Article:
The most feared interview question

The most feared interview question

"Tell Me About Yourself"

If you’ve ever interviewed, you’ve probably gotten America’s LEAST favorite question, “Tell Me About Yourself.” Most applicants HATE it, because they don’t know how to answer and, usually, it comes at the start when logically, the interviewer doesn’t know anything about you. Let everyone else blow this one! If you have a killer answer ready, you can sew up the interview right here.

What The Question Really Means

Let’s start with subtext — the meaning behind the words (like when a girl says, “We have to break up and it isn’t you”, and she really means, “It’s another guy”). The subtext of every interview question is exactly the same, so they ask you the same question in various different ways — it’s ALWAYS, “Why should I hire YOU?”

Once, interviewing an applicant for a receptionist position, I asked, “Why don’t you start by telling me about yourself?” The young applicant actually said, “Well, like my favorite band is U2 and on the weekends I go horseback riding”… it was a short interview (if she had known my question was actually “Why should I hire you?”, think she’d have answered that way?).

How To Answer The Question

Here’s your formula to shine: Before every interview, make a list of the qualities & skills they need for the position, then give specific examples of how you possess those traits. You want to show them that you are exactly what they need.

You can’t use just a list of words because people forgot words — that’s why we all make grocery lists. Actually, words are only 10% of our true communication, while your voice — the way you use your words — represents 20-25%, and the largest chunk, 65-70% is your image and body language. Since people believe what they see, you have to paint them a picture of how your skills meet their needs by reassuring them that you’re a great fit.

Suppose you’re interviewing for an administrative assistant position, with responsibilities including answering phones, taking messages, returning calls, and flexibly executing any/all assignments. Your most effective approach is to tell stories about similar past experiences.  “I’m good answering the phone, taking messages and making calls” will be easily forgotten. What detailed, distinctive examples can you offer to show you’ve got the goods?

Be Specific!

“I’d love to work here as your administrative assistant, and I have a great deal of hands-on, diverse experience with multi-tasking. For five-years, I’ve been assistant to the Senior Manager, answering her three lines, taking messages, returning calls, and successfully handling any task to help my boss and our department. Frequently, she says I do the work of two assistants, I am so thorough. For example, one day our company mistakenly released a statement a week early, and more press than you can imagine descended upon us. Our three lines were busy for five hours straight, while I also fielded press emails and rescheduled drop-in reporters the entire day. I’m known for strong work under pressure, and even my boss’ boss credited me with excellent PR skills that bought us enough time to release an appropriate statement the next day. I've never missed a day of work in my present position, and if you hire me, I’ll bring the same outstanding level of dedication and extraordinary work ethic here. I’d be very excited to be part of your impressive organization and would look forward to growing with your company.”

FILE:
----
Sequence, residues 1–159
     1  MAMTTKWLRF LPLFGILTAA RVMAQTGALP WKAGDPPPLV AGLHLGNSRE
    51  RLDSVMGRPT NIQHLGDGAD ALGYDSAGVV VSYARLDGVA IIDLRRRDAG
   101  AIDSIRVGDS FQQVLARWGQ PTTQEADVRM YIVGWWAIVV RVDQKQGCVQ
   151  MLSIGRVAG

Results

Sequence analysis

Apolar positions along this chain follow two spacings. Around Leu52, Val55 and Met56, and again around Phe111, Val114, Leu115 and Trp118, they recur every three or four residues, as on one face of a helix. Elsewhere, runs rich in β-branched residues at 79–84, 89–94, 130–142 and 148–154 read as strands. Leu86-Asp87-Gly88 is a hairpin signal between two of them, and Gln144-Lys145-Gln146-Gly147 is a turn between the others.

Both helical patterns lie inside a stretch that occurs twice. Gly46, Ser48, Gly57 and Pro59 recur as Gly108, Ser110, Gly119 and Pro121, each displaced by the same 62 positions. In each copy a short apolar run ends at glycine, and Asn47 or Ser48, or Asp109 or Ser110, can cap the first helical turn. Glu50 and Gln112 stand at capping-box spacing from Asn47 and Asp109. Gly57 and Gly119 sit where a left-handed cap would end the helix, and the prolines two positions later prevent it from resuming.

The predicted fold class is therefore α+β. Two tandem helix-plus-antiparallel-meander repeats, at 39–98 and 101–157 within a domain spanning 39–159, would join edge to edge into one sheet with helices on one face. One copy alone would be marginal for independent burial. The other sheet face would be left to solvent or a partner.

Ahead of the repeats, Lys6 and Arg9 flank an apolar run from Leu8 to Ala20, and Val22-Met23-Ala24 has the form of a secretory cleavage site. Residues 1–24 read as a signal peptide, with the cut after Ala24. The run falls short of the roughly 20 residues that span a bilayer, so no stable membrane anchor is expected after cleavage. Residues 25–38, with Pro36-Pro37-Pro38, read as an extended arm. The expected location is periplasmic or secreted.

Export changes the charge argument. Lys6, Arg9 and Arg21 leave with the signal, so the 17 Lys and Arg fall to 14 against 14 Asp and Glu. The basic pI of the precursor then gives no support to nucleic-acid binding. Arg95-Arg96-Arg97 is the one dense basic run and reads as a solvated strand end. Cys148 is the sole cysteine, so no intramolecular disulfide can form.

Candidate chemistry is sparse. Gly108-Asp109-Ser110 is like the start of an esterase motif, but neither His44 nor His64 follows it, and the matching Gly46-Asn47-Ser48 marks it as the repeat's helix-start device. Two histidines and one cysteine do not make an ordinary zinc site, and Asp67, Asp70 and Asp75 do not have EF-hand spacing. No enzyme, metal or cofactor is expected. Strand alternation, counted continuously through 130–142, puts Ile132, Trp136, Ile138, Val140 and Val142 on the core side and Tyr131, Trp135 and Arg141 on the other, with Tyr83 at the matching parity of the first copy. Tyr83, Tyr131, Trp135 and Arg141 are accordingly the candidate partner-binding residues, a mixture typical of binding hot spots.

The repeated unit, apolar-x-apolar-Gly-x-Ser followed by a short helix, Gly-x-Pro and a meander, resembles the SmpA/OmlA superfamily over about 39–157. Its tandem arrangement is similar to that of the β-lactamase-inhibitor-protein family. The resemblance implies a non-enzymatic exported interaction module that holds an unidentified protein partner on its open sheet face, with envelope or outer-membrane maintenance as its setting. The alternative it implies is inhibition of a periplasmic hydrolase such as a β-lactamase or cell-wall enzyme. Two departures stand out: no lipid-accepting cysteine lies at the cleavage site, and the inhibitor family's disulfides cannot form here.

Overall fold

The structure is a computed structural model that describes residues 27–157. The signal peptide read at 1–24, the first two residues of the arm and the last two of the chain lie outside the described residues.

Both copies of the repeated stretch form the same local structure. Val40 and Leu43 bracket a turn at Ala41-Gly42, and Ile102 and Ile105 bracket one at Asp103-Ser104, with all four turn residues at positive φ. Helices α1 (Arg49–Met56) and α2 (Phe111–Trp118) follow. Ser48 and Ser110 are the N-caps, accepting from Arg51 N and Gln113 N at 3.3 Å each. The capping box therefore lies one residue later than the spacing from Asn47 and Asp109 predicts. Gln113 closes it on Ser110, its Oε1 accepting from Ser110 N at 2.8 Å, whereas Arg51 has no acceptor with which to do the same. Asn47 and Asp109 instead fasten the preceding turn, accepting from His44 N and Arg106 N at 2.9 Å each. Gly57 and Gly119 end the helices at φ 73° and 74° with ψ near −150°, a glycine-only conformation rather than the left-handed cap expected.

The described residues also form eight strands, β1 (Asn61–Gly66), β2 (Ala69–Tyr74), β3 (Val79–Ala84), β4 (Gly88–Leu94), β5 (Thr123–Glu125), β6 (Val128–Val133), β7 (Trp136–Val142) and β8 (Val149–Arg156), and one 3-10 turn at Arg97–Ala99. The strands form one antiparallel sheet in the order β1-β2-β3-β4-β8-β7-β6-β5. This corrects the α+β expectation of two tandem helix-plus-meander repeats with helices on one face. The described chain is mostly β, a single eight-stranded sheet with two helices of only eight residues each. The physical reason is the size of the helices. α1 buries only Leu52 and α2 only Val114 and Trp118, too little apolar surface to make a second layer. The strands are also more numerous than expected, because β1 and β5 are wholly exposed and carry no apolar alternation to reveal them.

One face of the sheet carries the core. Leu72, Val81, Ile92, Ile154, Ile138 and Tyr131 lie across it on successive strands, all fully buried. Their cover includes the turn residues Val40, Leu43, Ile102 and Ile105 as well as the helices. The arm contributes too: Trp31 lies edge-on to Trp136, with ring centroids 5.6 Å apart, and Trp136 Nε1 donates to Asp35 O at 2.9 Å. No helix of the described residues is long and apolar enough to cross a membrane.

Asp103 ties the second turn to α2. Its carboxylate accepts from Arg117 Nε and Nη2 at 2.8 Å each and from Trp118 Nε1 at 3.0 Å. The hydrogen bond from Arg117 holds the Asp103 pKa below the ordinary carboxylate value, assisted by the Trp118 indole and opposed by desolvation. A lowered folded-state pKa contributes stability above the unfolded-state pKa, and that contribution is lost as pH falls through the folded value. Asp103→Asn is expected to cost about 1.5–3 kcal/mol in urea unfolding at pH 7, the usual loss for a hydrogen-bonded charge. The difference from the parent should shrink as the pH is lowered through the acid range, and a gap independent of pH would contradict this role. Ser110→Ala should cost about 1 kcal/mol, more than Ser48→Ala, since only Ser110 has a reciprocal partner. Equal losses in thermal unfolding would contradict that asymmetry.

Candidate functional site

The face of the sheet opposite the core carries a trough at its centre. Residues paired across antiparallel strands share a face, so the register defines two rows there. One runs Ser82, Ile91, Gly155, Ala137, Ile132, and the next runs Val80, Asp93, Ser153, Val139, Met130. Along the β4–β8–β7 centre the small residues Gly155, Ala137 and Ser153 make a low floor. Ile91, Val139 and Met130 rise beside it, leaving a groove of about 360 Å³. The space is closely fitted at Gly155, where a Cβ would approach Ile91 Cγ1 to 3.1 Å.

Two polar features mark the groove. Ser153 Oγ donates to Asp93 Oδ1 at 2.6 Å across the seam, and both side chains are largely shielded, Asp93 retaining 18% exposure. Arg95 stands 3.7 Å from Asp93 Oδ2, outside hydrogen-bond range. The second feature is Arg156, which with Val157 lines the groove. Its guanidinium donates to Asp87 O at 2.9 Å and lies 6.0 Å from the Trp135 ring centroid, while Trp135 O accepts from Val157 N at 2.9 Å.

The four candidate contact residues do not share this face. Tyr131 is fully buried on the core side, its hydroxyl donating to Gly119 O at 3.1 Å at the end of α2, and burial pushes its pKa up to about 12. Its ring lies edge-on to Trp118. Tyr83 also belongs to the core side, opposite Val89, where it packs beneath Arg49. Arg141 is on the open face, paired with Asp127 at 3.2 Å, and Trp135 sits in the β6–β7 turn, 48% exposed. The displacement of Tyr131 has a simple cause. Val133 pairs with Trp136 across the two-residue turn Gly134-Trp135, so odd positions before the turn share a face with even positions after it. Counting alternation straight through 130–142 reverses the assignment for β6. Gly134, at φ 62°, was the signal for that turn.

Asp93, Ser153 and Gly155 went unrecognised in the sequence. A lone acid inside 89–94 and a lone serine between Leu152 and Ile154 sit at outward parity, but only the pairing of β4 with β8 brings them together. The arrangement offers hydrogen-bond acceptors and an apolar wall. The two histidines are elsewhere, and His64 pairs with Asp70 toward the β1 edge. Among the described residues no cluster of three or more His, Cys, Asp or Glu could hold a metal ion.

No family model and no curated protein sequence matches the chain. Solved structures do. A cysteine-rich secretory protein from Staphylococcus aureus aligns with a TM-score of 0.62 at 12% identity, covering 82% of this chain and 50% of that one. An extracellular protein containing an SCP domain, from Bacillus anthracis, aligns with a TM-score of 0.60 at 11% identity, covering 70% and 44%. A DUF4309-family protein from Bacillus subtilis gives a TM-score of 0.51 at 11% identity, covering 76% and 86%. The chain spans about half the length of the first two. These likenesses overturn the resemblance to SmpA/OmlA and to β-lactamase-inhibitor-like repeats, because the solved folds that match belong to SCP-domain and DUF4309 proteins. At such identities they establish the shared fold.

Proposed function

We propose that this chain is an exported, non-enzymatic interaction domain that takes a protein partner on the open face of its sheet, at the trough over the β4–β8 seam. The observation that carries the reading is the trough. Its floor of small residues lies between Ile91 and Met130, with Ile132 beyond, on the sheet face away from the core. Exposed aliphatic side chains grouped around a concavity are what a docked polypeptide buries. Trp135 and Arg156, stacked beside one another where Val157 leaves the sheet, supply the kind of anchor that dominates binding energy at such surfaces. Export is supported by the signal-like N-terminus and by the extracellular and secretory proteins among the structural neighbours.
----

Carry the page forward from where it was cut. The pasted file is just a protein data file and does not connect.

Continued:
Prepare to impress at your interview by making a list of 8-10 specific examples of when you worked really hard (on the job, through volunteer work, in school, extracurriculars, etc.) utilizing the skills they need. Interviewers are smart, but they’re not mind readers — they’ll only know what you tell them. And if YOU don’t reassure them you’re a great fit for the job, someone ELSE will, and THEY’LL be hired.

Practice Before The Interview

To be successful with “TMAY”, decide what you want to say — and practice it — BEFORE your interview. Define yourself in terms of their needs, give specific examples of your successes, illustrating you already possess those skills, and you’ll always stand out for the right reasons.